Antitrust Lawyer Blog Commentary on Current Developments

FTC Challenges Rite Aid’s Proposed $3.5 Billion Acquisition of Brooks and Eckerd Pharmacies from Canada’s Jean Coutu Group, Inc.

On June 4, the FTC entered into a settlement to resolve its concerns relating to Rite Aid Corporation’s proposed $3.5 billion acquisition of the Brooks and Eckerd pharmacies from Canada’s Jean Coutu Group (PJC), Inc. Rite Aid and Jean Coutu were required to sell 23 pharmacies to FTC-approved buyers in order to remedy the alleged anticompetitive impact of the proposed transaction. The stores will be sold to: 1) Kinney Drugs; 2) Medicine Shoppe International, Inc.; 3) Walgreen Co.; 4) Big Y; and 5) Weis Markets.

The consent order with the FTC requires the companies to sell pharmacies in all of the markets where competition would be adversely affected by the proposed. It will ensure that consumers continue to have a choice in where they shop for prescription drugs.

The FTC’s Investigation

The investigation took approximately ten months. The FTC began with the concern that managed care entities might be harmed from the merger (the concerns in the Rite Aid Revco and CVS Revco mergers). The concern was that managed care entities would pay more for the formation of a network of pharmacies because the merged firm would have such a significant market share that it could demand higher reimbursement rates. The FTC investigated the issue at length. Ultimately the parties were able to convince the FTC there was not a problem because no managed care entities complained and Target, WalMart, Costco and supermarket chains were seen as sufficient competitors. In forming a managed care network it is not just a question of the number of stores but the brand reputation of stores (so two or three Target stores might be a significant alternative to a managed care entity). There was no evidence of price discrimination. In other words, Rite Aid was unable to charge more in those markets where it currently has a high market share; nor was there evidence that Rite Aid could price discriminate in the future.

The FTC then dealt with the cash paying customers, which took a majority of time in the investigation. Cash paying customers for pharmaceuticals account for a very small share of the sales of stores (probably less than 5%). These concerns were just in small town markets. There were over 400 markets with these concerns. Eventually, the FTC settled on 23 markets.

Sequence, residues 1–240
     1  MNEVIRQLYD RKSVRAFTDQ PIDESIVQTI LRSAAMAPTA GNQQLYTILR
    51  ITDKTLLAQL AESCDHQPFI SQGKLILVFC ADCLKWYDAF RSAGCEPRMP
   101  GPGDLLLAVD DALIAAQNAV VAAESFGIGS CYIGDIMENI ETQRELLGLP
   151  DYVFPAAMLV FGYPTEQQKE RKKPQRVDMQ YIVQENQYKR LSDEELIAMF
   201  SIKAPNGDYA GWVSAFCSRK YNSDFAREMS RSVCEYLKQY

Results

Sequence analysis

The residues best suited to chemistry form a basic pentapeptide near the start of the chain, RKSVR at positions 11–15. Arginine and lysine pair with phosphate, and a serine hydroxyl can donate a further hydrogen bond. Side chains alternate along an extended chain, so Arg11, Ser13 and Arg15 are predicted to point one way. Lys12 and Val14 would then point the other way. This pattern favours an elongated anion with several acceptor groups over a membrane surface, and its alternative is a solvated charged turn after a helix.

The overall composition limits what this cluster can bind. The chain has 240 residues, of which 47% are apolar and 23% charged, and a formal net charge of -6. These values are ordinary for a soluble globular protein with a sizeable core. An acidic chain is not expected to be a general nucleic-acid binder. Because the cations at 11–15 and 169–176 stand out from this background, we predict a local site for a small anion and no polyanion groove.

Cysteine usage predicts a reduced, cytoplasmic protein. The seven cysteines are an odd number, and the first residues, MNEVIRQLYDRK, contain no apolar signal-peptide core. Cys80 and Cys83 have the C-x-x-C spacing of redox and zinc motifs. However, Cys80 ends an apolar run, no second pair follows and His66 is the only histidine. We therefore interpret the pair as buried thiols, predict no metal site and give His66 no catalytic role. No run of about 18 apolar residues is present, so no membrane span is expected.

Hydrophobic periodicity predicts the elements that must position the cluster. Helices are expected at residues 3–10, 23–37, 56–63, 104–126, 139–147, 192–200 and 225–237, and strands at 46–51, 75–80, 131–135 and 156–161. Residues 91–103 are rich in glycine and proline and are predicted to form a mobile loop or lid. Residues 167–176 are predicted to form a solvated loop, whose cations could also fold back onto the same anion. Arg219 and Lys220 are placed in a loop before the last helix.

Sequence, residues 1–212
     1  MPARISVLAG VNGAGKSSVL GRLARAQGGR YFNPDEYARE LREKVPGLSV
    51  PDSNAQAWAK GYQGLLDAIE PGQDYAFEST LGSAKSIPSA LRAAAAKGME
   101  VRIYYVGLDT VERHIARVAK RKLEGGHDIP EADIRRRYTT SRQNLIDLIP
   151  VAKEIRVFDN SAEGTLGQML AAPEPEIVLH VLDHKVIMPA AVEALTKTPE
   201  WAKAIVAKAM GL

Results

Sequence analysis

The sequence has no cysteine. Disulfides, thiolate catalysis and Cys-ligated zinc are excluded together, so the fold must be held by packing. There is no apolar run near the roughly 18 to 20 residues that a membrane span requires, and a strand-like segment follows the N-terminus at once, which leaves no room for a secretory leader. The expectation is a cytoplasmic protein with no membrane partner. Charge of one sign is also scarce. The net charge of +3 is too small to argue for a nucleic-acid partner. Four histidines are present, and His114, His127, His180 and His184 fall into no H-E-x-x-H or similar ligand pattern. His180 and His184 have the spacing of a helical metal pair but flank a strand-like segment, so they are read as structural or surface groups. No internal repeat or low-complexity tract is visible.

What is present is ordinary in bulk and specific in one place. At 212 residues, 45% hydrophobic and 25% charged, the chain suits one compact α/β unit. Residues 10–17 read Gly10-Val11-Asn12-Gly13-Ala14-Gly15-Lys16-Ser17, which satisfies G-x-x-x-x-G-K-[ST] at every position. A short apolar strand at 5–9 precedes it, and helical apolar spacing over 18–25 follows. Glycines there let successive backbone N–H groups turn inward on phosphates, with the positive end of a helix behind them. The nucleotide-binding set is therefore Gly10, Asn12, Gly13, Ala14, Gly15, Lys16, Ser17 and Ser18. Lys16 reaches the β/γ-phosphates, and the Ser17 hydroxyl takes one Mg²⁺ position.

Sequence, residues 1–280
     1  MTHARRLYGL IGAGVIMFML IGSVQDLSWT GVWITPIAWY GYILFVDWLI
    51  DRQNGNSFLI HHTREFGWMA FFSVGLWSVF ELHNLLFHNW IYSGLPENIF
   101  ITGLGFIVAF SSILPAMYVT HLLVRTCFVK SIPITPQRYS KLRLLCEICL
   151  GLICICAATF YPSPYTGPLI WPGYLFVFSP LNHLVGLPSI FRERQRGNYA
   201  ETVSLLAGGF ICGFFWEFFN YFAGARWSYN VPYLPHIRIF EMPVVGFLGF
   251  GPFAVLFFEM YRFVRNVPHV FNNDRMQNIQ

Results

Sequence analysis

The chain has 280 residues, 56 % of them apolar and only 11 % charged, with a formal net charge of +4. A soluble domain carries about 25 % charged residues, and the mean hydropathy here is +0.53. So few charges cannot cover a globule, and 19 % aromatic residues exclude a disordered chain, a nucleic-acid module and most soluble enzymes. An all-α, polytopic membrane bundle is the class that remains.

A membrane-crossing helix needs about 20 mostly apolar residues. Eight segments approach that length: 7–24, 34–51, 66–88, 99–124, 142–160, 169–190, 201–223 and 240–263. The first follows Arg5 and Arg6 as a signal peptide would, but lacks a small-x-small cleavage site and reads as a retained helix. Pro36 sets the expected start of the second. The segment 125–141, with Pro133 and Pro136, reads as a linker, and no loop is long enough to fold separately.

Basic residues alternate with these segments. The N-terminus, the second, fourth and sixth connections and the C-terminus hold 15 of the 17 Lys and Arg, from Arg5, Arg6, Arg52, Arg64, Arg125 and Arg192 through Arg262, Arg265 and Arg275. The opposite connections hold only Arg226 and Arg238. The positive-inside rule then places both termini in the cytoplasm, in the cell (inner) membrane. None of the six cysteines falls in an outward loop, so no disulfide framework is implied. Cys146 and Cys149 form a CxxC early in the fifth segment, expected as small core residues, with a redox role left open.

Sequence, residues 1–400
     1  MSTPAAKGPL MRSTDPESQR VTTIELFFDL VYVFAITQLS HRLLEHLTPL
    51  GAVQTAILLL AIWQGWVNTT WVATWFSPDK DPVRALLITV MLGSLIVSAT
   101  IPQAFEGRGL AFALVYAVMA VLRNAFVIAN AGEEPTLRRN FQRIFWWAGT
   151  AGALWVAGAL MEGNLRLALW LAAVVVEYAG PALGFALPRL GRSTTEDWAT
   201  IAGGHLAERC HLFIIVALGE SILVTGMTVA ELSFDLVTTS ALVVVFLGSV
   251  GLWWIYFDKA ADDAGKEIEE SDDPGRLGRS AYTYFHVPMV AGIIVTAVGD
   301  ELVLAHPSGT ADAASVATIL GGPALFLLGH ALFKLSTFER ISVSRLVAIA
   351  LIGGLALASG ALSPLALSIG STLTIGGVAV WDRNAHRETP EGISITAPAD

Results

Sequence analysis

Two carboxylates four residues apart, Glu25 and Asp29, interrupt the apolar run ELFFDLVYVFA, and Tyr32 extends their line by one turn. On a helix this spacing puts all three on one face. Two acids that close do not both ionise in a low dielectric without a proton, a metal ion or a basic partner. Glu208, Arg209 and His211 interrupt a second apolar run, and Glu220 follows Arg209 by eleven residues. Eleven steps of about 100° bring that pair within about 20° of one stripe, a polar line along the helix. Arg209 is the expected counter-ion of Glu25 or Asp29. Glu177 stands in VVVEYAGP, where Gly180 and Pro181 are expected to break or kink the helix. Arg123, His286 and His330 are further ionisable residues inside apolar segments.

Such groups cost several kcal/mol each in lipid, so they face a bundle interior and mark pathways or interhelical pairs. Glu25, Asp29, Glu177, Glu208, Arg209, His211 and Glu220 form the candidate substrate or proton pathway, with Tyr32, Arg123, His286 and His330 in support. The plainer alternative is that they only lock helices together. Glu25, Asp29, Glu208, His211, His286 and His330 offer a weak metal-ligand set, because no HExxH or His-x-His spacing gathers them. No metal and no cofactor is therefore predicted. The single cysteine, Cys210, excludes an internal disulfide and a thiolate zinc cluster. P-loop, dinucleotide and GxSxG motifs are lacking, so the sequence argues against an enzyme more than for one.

The 23 markets were either merger to monopoly or 3 to 2 situations. The geographic market differed in scope, but the FTC basically applied a 5 mile market. In other words, if there was a WalMart within 3-5 miles, there probably was not a concern. Supermarkets were seen as a significant competitive alternative so long as they had a pharmacy counter. The key entry barrier was the fact that the towns had a limited population and were unlikely to attract entry.

The FTC’s Complaint

According to the FTC’s complaint, the proposed acquisition would be anticompetitive without a settlement agreement ordering divestitures. Pharmacy services include the provision of medications by a licensed pharmacist who is able to provide usage advice and other relevant information to consumers. Cash customers are consumers of pharmacy services who do not pay a price negotiated by or paid through a third party, such as an insurance plan or pharmacy benefits manager. This market is similar to cash customer markets defined in other FTC pharmacy services matters.

Each of the 23 local markets identified in the FTC’s complaint is highly concentrated with respect to the retail sale of pharmacy services to cash customers. In all of the markets, Rite Aid and Eckerd/Brooks are two of a small number of pharmacies offering cash services, and combined account for at least half – and up to 100 percent – of the pharmacies in those markets. The complaint alleges that customers view Rite Aid and Eckerd/Brooks pharmacies in these markets as their first and second choices based on location, service, and convenience, and thus the proposed transaction likely would allow Rite Aid to unilaterally exercise market power after its acquisition of Eckerd/Brooks, absent the relief provided by the consent order. If Rite Aid were able to unilaterally exercise market power after the transaction, the FTC contends it would raise the likelihood that the prices paid by cash customers for pharmacy services would increase, and the quality and selection of such services would decrease.

The FTC also contends that entry into the relevant markets would not be timely, likely, or sufficient to prevent the anticompetitive impact of the transaction.

Terms of the Consent Order

The consent agreement and order with the FTC are designed to ensure competition is maintained after the proposed acquisition is completed. Under its terms, the companies are required to sell one store in each of the 23 geographic markets to a FTC-approved buyer. Specifically, the order requires the companies to sell one store in each relevant geographic area to one of five up-front buyers, including: 1) Kinney Drugs; 2) Medicine Shoppe International, Inc.; 3) Walgreen Co.; 4) Big Y; and 5) Weis Markets.

The order requires that the divestitures occur no later than 20 days – or, in the case of the divestitures to Medicine Shoppe, 40 days – after the acquisition is completed, or four months after the date that the companies sign the order, whichever is earlier. All divestitures are subject to approval by the FTC, and if it determines during or after the public comment period that any of the up-front buyers are not acceptable, any consummated divestitures must be rescinded and other FTC-approved buyers must be found.

Robert Doyle
(202) 589-1834
rdoyle@dbmlawgroup.com